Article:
Sexual Harassment in The Workplace

In recent months, the spotlight has shone on several high-profile cases of bullying and harassment. From allegations against politicians to corporate giants, the issue of workplace sexual harassment is becoming increasingly prominent in the public eye. At Barrett & Co, a leading solicitors firm in Reading, UK, we believe it’s essential to delve deeper into this critical subject. In this article, we will explore the current employment law surrounding sexual harassment, its implications, and provide guidance on preventing such incidents in the workplace. We will also touch upon some proposed changes to the law that could impact employers.

Understanding Sexual Harassment

The Equality Act 2010 offers a comprehensive definition of sexual harassment: “Someone engages in unwanted conduct of a sexual nature, and the conduct has the purpose or effect of violating the individual’s dignity, or creating an intimidating, hostile, degrading, humiliating, or offensive environment for them.”

Importantly, an employer can be held liable if an employee harasses another during the course of employment, even if it’s a single serious incident and the employer had no prior knowledge of it.

Diverse Forms of Sexual Harassment

Sexual harassment is not limited to any one form and can manifest in various ways. Men can also be victims of sexual harassment, and the victim doesn’t need to be of the opposite sex as the perpetrator. The Equality Act 2010 protects individuals from two additional forms of sexual harassment: harassment related to sex (i.e., the person’s gender) and less favorable treatment resulting from someone’s rejection or submission to harassment.

Examples of Sexual Harassment in the Workplace

Identifying sexual harassment may not always be straightforward. To help both employers and employees recognise what constitutes sexual harassment, the Equality and Human Rights Commission published a guide in 2020.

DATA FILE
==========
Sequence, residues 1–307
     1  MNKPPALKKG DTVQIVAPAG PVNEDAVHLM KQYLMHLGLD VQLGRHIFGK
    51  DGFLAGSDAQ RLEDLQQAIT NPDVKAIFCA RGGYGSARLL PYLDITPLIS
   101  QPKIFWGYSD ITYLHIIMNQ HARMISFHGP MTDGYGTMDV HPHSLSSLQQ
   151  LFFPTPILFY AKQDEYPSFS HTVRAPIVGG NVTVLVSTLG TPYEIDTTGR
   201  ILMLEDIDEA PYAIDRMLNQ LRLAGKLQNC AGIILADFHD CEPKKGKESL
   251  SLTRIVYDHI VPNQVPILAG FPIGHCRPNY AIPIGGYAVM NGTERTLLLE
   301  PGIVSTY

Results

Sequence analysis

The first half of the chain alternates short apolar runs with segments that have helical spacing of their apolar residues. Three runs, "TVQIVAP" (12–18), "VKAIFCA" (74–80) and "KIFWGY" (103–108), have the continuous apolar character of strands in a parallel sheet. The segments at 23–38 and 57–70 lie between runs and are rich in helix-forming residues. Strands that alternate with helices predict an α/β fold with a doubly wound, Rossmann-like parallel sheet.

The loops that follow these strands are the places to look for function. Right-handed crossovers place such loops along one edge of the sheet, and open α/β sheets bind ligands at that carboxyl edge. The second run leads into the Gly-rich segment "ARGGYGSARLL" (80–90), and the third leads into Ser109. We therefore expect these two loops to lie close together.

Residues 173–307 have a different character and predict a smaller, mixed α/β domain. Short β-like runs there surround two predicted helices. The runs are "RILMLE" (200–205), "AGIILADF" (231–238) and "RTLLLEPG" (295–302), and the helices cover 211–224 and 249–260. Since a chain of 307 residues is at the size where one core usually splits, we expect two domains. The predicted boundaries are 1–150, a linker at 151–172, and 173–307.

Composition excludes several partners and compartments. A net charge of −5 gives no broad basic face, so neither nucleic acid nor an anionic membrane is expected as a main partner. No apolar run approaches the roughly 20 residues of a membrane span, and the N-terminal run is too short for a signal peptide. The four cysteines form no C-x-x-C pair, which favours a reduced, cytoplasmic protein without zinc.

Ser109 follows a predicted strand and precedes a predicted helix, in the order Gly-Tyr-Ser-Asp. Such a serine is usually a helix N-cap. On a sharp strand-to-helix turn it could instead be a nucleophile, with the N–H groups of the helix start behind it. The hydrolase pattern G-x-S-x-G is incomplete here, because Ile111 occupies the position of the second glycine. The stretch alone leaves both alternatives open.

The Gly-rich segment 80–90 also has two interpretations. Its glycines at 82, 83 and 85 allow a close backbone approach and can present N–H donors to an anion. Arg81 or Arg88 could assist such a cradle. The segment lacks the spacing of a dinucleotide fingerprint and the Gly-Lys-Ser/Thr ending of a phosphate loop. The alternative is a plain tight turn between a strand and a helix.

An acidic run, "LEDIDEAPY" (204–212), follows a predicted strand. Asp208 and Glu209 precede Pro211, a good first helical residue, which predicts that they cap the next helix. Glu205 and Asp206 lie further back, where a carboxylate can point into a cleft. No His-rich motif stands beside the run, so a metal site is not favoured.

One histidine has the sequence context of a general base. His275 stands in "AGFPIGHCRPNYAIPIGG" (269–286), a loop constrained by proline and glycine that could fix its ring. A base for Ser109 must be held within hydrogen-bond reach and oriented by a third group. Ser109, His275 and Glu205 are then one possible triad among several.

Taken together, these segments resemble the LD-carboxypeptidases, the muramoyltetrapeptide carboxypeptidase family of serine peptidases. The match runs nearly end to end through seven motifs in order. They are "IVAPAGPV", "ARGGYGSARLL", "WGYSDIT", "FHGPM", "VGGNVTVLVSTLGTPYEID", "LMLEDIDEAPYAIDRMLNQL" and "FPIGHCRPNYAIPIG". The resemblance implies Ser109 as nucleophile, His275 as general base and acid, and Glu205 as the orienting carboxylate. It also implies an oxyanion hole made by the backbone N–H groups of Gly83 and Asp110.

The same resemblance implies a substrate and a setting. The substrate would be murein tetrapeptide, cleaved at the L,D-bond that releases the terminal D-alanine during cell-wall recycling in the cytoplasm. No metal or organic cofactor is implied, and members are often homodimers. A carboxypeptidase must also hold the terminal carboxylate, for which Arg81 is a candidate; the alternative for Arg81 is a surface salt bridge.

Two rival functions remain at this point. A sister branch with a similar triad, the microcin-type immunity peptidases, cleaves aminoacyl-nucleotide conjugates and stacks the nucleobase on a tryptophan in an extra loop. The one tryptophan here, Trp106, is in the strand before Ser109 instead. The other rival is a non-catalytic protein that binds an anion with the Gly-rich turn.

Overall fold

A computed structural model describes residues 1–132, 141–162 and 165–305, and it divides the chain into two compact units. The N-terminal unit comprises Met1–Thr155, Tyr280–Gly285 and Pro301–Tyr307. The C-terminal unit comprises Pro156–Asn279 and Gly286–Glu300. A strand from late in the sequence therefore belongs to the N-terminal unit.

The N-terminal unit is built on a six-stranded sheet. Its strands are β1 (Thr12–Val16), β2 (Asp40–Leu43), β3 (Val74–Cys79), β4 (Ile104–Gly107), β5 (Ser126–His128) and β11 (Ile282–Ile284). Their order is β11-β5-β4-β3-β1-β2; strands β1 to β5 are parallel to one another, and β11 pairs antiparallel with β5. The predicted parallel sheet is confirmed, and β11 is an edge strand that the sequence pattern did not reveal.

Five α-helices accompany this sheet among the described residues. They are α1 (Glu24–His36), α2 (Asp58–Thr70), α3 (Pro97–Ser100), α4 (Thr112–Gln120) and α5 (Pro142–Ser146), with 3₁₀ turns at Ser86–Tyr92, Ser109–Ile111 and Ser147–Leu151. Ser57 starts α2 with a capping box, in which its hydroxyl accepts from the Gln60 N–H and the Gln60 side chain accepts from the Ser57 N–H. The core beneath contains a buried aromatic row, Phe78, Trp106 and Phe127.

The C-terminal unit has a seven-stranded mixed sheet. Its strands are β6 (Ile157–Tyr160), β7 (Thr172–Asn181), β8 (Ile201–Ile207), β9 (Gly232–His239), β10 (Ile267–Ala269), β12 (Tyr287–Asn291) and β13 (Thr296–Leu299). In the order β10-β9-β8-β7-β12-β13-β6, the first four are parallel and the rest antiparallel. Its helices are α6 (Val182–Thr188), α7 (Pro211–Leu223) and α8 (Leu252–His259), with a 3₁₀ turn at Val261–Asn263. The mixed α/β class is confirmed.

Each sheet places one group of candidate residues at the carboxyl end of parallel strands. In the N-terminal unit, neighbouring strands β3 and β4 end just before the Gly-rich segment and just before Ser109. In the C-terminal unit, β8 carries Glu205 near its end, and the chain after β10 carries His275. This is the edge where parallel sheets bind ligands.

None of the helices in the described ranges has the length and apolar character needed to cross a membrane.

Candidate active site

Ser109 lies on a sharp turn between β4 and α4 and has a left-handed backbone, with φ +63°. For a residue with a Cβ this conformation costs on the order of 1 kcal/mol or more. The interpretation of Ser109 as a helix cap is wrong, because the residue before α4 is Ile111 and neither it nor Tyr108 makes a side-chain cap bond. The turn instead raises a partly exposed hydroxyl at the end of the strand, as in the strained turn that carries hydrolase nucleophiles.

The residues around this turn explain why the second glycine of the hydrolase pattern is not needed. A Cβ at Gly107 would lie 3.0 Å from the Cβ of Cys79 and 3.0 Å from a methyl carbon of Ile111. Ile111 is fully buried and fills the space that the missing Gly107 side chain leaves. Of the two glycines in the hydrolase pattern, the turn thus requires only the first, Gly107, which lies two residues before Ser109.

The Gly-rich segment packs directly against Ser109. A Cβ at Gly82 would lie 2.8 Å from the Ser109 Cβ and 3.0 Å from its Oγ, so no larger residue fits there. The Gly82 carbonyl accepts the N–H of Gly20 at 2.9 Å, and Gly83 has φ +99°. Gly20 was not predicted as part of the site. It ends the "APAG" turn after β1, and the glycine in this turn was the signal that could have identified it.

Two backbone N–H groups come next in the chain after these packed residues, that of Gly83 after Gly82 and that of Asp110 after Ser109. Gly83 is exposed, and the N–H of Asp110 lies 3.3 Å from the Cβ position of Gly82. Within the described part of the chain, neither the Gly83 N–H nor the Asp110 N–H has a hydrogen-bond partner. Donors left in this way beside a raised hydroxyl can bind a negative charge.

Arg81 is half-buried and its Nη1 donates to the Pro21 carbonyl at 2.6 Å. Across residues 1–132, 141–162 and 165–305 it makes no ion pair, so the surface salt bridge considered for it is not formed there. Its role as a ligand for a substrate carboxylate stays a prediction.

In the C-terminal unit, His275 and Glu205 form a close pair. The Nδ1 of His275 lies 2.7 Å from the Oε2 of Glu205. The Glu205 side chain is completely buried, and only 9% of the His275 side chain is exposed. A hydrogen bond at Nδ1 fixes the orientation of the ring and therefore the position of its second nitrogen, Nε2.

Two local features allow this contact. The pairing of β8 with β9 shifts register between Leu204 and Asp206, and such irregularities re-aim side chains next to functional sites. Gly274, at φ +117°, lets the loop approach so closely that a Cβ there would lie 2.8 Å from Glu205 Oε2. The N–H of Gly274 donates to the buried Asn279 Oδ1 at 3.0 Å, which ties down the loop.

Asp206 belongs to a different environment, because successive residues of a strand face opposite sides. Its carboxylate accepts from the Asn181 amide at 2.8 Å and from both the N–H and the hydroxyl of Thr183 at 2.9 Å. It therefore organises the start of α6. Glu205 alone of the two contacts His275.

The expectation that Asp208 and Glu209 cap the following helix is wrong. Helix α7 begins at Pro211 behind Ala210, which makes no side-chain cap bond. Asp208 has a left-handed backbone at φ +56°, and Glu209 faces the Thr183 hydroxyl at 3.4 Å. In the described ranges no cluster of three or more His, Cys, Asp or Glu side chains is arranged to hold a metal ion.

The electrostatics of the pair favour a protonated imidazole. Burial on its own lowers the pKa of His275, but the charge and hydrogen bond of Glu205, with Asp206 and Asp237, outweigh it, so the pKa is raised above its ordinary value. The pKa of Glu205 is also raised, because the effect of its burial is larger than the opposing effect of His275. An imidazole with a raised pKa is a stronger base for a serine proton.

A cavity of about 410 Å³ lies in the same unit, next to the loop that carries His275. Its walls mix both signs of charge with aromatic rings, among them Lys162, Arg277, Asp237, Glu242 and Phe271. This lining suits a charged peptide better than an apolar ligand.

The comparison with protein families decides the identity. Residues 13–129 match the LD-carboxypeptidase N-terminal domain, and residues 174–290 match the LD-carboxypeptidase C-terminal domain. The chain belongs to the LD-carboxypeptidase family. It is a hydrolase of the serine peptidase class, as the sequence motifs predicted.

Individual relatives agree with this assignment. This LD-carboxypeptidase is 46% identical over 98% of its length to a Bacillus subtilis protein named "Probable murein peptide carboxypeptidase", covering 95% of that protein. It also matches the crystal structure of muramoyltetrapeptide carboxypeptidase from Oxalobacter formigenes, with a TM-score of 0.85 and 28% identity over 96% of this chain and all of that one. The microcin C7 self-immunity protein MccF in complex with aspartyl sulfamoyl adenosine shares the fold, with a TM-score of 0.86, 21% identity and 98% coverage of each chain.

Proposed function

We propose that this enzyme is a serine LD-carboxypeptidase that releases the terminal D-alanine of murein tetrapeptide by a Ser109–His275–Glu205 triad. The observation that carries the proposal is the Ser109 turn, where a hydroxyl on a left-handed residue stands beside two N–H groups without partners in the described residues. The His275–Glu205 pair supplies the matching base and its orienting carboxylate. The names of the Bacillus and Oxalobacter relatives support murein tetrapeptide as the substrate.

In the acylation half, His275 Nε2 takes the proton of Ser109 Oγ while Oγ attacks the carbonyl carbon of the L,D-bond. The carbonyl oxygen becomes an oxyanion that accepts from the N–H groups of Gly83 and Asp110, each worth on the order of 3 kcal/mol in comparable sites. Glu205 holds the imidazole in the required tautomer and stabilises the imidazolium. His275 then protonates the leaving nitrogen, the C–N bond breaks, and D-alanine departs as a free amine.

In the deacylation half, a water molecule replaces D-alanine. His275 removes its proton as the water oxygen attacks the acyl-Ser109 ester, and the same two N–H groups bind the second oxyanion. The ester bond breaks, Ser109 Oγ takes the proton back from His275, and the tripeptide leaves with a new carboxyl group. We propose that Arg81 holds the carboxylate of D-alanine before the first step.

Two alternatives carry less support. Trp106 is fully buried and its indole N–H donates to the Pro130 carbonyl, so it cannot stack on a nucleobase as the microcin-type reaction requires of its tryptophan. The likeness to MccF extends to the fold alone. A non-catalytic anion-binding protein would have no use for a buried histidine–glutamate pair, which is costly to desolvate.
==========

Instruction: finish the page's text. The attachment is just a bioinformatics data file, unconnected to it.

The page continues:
Common examples include unwanted sexual advances, physical touching, assault, inappropriate jokes, displaying explicit content, and sending sexually explicit text messages or emails. With the rise of instant messaging and workplace communication tools, it’s crucial to be aware of the potential for misinterpretation in digital exchanges.

Determining Reasonableness of the Effect

When evaluating a sexual harassment claim, the perception of the claimant, the circumstances, and the reasonableness of the effect on the victim’s dignity are key factors. The #MeToo movement has reshaped public perception of what constitutes sexual harassment, making employees less tolerant of certain behaviours. This evolving sensitivity could lead to an increasingly fine line in how tribunals assess cases.

Consequences of Failing to Address Sexual Harassment

The consequences of mishandling sexual harassment in the workplace can be severe. An employee subjected to harassment can seek redress in the employment tribunal, which may result in financial compensation, including injury to feelings. In extreme cases, tribunals can award career-long losses. Beyond the financial implications, employers should consider the potential for reputational damage, loss of contracts, and harm to their ability to attract talent.